The Molecular Genomics Core (MGC) is a recent fusion of the DNA Core (formerly the Microchemical Core, founded in 1984), the Genomics Core founded in 1999 and the Microarray Core founded in 1998. This consolidation will ensure that there is no duplication in the acquisition of expensive state-of-the-art equipment and that the resource functions in an efficient and seamless manner to provide optimized service to investigators. The merger reduced redundancies in services, provided a single structure, which allowed the Core to adjust to changing demands over time and facilitated the interaction of shared expertise. MGC services are broadly divided into two main categories - sample preparation and analytical assays. Biospecimen processing is available for research and clinical samples from body fluids, fresh and archival tissue, and non-mammalian sources. The assays available in the MGC are based on the ability to identify and interrogate genetic (DNA profiling) and epigenetic (epigenetic profiling) variation. Additionally, expression profiling encompassing both genetic and epigenetic components is provided, including direct changes to DNA sequences effecting gene expression levels and DNA methylation and histone modifications playing roles in modified gene expression levels through changes in chromatin structure. The MGC has already provided services (annual total budget of >$6.5 million) to more than 175 USC Norris Comprehensive Cancer Center (NCCC) members at different levels of throughput, including single base resolution of the entire genome and single base interrogation of DNA, RNA and chromatin.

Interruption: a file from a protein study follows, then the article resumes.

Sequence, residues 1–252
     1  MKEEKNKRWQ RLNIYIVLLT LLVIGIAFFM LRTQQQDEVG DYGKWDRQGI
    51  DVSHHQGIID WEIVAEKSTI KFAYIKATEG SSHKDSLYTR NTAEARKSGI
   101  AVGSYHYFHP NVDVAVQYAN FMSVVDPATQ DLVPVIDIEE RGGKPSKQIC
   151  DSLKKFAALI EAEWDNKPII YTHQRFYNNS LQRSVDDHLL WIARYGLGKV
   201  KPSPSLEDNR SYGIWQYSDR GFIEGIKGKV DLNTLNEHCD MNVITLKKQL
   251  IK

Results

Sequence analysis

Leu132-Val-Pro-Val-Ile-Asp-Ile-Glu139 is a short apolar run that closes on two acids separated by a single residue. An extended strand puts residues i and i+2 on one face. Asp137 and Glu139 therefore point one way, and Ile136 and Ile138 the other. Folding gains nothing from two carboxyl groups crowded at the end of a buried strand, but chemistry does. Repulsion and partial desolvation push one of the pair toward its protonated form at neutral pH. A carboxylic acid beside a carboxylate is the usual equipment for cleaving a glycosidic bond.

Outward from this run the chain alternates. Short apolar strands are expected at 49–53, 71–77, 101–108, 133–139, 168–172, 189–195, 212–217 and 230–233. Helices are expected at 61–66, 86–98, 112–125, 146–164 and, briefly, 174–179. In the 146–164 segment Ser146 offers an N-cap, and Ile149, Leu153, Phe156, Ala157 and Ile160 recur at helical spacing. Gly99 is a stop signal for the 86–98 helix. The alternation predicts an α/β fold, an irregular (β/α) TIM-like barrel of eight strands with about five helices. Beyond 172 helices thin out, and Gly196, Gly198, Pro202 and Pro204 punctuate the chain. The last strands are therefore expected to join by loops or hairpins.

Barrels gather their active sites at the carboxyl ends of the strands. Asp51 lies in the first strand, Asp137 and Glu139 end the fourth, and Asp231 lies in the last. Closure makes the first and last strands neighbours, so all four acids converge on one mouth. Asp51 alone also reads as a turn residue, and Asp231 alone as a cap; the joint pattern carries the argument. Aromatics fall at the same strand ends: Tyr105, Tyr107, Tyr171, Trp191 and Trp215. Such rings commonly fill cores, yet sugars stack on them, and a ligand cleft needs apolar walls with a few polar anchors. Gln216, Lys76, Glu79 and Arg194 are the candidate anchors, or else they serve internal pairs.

MGC services are faster and cheaper than commercial operations and are sometimes even unobtainable from such sources. Furthermore, researchers can seek advice in the design of studies and instruction in the preparation of samples that accelerate the successful execution of experiments. The ready availability of these technologies enables NCCC members, whether basic, population science or clinical researchers, to rapidly bring the power of molecular biology to bear on attacking the fundamental problems of cancer, as well as translating these discoveries for use in the clinic.
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